Great Northern, Southern and Thameslink trains cancelled
A rail firm cancelled dozens of trains - hours after its new timetable began.
Govia Thameslink Railway (GTR) rescheduled every service on its Great Northern, Thameslink and Southern franchise as part of an overhaul billed as the biggest in the UK.
It said introducing the new timetable was a "significant logistical challenge" and apologised for "any inconvenience caused" to passengers.
It was unable to confirm how many trains had been cancelled on Sunday.
A GTR spokesman added: "We are introducing the biggest change to rail timetables in a generation and, as we have been informing passengers, we expect some disruption to services in the initial stages.
"This is a significant logistical challenge as we make rolling incremental changes across more than 3,000 daily services."
He added the timetable changes would mean a 13% increase in services across the GTR network.
The RMT and Aslef unions said they understood the disruption was because there were not enough fully-trained drivers.
An RMT spokesman said: "The union is still talking to members about the impact on the new timetable and plans to release further information on Monday."
The Thameslink, Southern and Great Northern rail franchise includes services to Bedford, Luton, Peterborough, King's Lynn, Cambridge, London King's Cross, London Moorgate, Wimbledon and Brighton.
No entire routes were cancelled on Sunday but "occasional trains" were not running, said a spokesman.
Frustrated passengers tweeted to complain about disruption on Great Northern services, with one asking "Any clue as to the reason? No drivers by any chance? Or explain the operational incident please."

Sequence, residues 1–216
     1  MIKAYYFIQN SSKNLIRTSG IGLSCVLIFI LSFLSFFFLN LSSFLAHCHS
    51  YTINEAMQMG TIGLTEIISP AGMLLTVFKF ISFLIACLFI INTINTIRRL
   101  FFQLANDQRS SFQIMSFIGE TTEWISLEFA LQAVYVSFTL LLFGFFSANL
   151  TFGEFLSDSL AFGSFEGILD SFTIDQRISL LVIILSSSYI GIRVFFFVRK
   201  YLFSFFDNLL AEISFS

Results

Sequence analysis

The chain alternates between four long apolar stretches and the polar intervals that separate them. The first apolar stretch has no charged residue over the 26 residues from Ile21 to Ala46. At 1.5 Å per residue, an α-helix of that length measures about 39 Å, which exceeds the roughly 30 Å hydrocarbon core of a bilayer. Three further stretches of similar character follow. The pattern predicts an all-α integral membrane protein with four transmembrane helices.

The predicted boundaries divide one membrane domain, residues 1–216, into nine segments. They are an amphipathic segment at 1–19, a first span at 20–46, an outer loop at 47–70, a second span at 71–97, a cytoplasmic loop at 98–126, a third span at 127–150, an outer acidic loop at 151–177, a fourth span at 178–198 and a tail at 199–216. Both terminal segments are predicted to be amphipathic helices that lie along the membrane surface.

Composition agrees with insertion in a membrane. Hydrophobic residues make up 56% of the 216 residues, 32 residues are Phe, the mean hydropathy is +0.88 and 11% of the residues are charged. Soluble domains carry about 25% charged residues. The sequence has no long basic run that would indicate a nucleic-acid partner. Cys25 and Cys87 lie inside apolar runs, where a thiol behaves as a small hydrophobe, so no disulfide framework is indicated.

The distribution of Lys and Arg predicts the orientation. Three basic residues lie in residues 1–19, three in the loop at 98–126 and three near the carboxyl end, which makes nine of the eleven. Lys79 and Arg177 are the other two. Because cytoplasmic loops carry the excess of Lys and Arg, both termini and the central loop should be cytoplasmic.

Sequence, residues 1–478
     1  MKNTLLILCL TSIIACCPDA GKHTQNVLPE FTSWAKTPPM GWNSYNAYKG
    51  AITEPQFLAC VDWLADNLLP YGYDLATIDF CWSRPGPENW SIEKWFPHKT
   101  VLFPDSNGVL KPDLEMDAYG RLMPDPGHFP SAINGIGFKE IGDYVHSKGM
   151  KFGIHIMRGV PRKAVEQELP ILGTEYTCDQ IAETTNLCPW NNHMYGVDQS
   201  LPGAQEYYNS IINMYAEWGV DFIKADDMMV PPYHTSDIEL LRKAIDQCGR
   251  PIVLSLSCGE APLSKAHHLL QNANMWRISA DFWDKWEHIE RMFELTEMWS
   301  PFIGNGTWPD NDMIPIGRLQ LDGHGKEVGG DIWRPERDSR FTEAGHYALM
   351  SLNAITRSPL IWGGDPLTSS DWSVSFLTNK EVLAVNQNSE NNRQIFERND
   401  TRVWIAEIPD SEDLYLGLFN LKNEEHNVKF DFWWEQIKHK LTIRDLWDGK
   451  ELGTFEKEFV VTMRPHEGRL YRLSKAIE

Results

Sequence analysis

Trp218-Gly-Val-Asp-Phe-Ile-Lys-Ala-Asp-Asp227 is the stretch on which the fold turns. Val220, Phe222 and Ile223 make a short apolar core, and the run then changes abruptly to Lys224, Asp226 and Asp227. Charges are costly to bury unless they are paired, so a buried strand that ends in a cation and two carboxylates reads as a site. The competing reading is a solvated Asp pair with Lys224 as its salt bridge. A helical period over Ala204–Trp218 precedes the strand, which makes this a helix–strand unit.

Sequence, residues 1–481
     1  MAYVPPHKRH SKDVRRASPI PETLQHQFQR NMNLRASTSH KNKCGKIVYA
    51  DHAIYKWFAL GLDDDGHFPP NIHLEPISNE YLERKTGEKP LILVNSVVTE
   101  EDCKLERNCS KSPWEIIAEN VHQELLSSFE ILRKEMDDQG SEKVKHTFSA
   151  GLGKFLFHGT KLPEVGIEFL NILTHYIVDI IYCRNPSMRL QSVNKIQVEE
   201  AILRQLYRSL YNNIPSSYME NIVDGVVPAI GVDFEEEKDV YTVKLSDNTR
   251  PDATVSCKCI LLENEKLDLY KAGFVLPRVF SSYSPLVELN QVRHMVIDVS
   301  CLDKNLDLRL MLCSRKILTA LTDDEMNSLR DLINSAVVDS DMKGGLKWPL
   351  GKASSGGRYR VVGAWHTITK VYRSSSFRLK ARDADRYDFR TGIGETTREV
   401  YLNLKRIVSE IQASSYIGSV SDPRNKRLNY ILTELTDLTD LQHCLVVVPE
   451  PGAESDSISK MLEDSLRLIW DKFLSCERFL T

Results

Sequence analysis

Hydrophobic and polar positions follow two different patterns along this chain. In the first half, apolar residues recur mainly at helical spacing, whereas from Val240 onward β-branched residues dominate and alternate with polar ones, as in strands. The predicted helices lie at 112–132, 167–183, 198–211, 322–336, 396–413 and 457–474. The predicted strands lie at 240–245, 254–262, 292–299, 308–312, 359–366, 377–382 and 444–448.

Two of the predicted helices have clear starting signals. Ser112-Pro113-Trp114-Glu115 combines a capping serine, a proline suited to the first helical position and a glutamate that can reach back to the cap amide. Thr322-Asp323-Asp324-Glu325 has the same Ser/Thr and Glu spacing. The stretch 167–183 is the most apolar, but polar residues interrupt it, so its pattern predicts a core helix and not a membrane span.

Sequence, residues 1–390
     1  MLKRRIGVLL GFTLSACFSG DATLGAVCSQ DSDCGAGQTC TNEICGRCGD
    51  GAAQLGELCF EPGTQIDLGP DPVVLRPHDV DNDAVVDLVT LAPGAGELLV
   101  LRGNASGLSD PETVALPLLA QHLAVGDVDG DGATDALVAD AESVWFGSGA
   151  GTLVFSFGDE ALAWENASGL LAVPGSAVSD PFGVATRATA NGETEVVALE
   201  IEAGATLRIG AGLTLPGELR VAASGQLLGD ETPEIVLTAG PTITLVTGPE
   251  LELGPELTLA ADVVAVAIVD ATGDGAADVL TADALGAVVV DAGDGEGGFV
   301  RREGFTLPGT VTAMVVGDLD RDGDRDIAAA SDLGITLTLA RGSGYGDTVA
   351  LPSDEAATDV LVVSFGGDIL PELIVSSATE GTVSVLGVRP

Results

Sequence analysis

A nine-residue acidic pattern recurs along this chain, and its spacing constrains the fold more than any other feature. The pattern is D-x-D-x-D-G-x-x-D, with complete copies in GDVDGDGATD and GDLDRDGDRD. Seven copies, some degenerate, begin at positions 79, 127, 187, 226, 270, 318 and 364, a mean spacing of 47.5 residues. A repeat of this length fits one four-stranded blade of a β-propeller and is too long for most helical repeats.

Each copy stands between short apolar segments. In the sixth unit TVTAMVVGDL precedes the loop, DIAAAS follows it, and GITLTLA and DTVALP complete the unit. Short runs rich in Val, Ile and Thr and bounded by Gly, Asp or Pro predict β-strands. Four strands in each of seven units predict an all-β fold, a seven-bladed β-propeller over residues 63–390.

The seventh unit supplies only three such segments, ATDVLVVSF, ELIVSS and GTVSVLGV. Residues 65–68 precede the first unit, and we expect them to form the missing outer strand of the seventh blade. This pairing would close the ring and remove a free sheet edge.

The company replied: "Unfortunately we are not privy to this information".
Another stranded passenger wrote: "You've cancelled 5 (FIVE!!!) trains in a ROW between London and Stevenage, what an absolute joke" while another asked: "Surely you have had more than a year to plan your new timetable?"
From Sunday, every schedule for Thameslink, Southern, Gatwick Express and Great Northern trains has been changed, in an attempt to improve rail efficiency in the South East.
It will mean 400 extra trains a day and new direct services from 80 stations into central London.
But passengers in a number of smaller locations complain they will be served with fewer or slower services.
'Doesn't bode well'
Steve Chambers, from the Campaign For Better Transport, said he was concerned about the disruption seen on Sunday.
"The changes have been brought in on a day when there are usually less passengers and less trains and still there have been problems," he said.
"It doesn't bode well for tomorrow. But the biggest issue altogether will be people turning up to get their usual train and finding it no longer exists.
"The way customers have been informed just has not been good enough."
The RMT also claims passengers with reduced mobility may be left behind if a train is at risk of delay.
GTR said it placed high priority on making its services accessible to all.